Although it wasn’t until 1933 that the name Boston United first appeared, football had been played in the town since the late 1800’s and, indeed, always on the same site as the present York Street stadium.
In those early days there were two clubs, Boston Town, whose headquarters were ‘The Coach and Horses’, and Boston Swifts, who used ‘The Indian Queen’. In fact, as both the public houses were situated on ‘Main Ridge’ and the pitch was virtually just opposite, it wasn’t surprising that for the first 40 years or so that was what the Ground was called. A small stand was erected in the early 1900’s but other than that there were no decent facilities. The teams changed at the back of the appropriate pub!
Boston Swifts were not to re-appear after the First World War and it was left to the club called simply Boston to achieve the first giant killing in the F.A. Cup by beating the then powerful Football League Club Bradford Park Avenue 1-0 in 1925. The club was now competing in the Midland League, whereas its predecessors had played in the Lincoln League, local cups and friendlies although Town had also entered the F.A. Cup prior to the turn of the century.
By 1933 lack of success and financial problems resulted in a public meeting being called in an attempt to sort things out and save the club. Only one person showed any interest. That man rescued the club and remained its guiding hand for over half a century. His name was Ernest Malkinson. The club was re-formed under the new title Boston United and the town’s colours of amber and black replaced the white and blue in order to avoid clashes with other team colours. By this time, with entrances and dressing rooms at the west end of the ground it was known as ‘Shodfriars Lane’- and still is by some older supporters.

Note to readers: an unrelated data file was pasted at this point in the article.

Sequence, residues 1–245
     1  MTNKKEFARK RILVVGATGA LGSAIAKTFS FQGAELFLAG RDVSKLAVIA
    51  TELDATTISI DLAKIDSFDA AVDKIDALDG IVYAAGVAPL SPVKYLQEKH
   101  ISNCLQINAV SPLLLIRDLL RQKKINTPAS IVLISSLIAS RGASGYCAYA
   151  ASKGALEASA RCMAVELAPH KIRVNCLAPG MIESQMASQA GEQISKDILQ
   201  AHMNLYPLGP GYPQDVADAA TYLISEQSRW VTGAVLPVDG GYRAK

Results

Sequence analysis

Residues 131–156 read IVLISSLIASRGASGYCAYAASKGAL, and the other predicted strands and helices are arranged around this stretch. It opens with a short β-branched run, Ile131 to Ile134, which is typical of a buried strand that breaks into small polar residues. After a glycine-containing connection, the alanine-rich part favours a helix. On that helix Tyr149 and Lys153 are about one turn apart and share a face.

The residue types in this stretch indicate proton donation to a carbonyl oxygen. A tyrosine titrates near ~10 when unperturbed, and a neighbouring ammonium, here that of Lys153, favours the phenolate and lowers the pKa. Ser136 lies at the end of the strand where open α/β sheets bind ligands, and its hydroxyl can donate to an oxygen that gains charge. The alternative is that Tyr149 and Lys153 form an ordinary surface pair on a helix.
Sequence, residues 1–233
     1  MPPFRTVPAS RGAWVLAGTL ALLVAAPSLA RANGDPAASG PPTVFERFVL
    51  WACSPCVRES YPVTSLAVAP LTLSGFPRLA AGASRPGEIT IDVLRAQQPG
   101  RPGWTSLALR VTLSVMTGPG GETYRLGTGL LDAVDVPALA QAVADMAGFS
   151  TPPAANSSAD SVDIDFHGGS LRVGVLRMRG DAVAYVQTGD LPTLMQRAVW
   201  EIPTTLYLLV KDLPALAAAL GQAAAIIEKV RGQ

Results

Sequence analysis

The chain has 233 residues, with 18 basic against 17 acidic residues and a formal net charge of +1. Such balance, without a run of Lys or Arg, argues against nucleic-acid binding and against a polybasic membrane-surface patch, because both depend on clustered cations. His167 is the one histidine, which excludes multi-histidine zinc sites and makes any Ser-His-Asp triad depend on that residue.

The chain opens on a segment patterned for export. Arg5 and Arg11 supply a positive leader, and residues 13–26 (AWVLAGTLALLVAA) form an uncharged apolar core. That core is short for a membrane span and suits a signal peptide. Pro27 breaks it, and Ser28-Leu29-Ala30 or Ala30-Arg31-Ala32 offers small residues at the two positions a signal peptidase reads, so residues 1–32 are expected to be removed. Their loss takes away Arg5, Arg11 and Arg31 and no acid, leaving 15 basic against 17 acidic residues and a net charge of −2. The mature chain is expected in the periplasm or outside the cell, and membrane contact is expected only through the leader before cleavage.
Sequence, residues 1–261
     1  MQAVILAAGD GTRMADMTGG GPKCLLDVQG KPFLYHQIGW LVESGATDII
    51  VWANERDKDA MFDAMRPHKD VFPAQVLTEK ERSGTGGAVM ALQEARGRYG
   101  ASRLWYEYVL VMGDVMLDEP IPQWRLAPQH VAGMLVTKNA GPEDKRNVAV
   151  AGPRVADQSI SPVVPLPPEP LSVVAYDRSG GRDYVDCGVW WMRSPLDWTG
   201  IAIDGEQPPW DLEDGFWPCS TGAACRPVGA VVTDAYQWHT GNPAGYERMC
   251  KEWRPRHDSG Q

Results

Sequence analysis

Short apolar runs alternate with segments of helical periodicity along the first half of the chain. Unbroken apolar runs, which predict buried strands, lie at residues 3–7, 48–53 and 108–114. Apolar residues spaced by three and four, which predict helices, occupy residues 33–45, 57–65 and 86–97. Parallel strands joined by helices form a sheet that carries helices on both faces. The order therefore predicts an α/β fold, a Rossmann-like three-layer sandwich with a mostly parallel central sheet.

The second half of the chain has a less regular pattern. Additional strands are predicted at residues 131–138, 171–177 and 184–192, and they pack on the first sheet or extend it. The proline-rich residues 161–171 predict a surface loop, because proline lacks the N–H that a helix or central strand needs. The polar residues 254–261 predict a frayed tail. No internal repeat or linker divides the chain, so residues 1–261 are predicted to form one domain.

For a season or two after the Second World War, the clubs colours were light blue shirts and white shorts yet again. Due to a shortage of material after the war, clothing was rationed, and the only material available in sufficient quantities to make a complete set of matching shirts for the team was light blue. Since then however Boston have stuck fairly rigidly to amber shirts and black shorts.
In about 1969 Boston United decided they should have something a bit more exciting than the ‘United’ tag, so they decided to call themselves the ‘Pilgrims’. The main reason was that Boston has a connection with the Pilgrim Fathers. A memorial in their tribute, erected in 1957, is to be found about 4 miles out of Boston at Scotia Creek, Fishtoft. It marks the place where in 1607 a group of Puritans, who were to become known as the Pilgrim Fathers, were arrested attempting to flee to the religious freedom of the Low Countries. The ringleaders were subsequently tried and imprisoned in the town’s Guildhall. Eventually allowed to leave they settled in Holland before travelling on to the New World.
The only other nickname for the club was the ‘Stumpites’, which was briefly used back in the 1940s. The ‘Stump’ is the local name for the main church in Boston, St. Botolph’s, which is the largest parish church in England with a tower that is 272 feet high.
Boston United did once try to adopt the Boston coat of arms as its badge, but the town council objected. Though it was pointed out at the meeting that discussed the matter that the town could do nothing to stop the football club adopting its coat of arms if it wanted to the club didn’t go against the wishes of the council. Instead a design was created, containing The Mayflower three master who brought the Pilgrim Fathers to the New World and the three crowns from the shield of the town’s crest. These crowns are said to represent the Dukes of Brittany, Richmond and Suffolk. This emblem has been used on and off for the last two decades.
The present emblem was first introduced in the late sixties, along with the ‘Pilgrims’ nickname. There’s a striking resemblence to Plymouth Argyle’s badge, Argyle also being called the ‘Pilgrims’, due to their connections with the Pilgrim Fathers.